Business owners in Kentucky should pay a spouse who works for the company market rates and should avoid using marital funds to pay for any business-related expenses. Failing to do either of these can result in a spouse being able to claim a larger share of the business if the couple gets a divorce.
Some business owners may want to get a prenuptial or postnuptial agreement. This can take one of several different approaches. To avoid having to valuate and divide the business in a divorce, the agreement can state that the business is separate property. However, some couples may prefer an agreement that names a percentage of the company's value to which the other spouse is entitled. Finally, if both are owners, they may want to arrange for one to sell to the other or to even keep the business going.
Some people are hesitant to raise the issue of prenuptial or postnuptial agreements, but a business can also be established as not to be divided in a divorce in the organizing documents. With either type of agreement, keeping good records of cash, other transactions, funding sources and expenses is important. Business owners who pay themselves a significantly lower salary than the market rate may still have spousal or child support calculated based on the market rate.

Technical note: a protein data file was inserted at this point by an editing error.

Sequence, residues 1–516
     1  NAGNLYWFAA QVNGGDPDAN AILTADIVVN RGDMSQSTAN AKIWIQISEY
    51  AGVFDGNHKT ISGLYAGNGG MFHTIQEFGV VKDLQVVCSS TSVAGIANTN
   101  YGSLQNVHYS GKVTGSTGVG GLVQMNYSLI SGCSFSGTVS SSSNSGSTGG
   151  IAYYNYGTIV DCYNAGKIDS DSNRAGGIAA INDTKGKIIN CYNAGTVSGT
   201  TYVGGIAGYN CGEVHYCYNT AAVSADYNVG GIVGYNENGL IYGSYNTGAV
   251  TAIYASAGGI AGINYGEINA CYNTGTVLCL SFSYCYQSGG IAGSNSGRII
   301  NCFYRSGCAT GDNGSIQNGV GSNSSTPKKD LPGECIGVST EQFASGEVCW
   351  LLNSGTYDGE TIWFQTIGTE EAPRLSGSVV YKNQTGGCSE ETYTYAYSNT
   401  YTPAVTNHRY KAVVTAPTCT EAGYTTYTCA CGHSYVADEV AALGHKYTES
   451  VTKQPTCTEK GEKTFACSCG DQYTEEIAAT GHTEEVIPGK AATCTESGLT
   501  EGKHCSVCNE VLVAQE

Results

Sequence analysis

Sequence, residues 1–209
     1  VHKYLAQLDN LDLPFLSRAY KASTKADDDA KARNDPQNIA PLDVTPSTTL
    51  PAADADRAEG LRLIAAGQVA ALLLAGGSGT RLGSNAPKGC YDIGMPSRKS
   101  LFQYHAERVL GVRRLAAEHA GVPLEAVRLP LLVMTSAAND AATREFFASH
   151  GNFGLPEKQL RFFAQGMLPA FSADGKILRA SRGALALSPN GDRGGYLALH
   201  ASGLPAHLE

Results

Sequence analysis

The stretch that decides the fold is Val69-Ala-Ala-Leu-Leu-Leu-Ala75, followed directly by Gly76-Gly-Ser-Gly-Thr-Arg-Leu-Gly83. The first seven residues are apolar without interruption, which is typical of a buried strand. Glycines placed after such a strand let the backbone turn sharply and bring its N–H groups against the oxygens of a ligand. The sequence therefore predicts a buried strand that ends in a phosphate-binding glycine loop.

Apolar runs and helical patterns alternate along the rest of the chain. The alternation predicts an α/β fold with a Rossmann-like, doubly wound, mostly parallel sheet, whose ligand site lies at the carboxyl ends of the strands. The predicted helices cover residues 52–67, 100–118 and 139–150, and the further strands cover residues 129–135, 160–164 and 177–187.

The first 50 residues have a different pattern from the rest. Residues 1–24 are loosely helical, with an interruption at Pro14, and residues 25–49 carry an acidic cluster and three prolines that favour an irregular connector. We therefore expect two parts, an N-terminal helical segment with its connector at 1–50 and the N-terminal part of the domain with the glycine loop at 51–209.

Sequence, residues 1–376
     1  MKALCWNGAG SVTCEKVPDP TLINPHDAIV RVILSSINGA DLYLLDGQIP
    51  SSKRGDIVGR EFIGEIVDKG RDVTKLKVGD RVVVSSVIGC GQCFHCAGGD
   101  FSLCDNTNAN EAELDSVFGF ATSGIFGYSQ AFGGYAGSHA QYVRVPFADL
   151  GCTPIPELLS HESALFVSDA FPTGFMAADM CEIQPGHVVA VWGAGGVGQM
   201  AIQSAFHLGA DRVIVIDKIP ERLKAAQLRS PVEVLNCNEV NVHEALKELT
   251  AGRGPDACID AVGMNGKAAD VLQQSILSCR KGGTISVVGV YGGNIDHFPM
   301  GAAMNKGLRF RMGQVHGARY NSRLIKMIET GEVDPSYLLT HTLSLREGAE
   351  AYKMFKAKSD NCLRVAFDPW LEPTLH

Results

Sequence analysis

The process of property division can be complex. In addition to the complications of dividing a business, a couple may also have a home and retirement accounts. While some people prefer to sell the marital home, it is not always easy to do this immediately if the house needs major repairs or the market is weak. Pension plans and 401(k)s require a document called a qualified domestic relations order to be divided. People should also be aware of any tax implications of selling or dividing assets.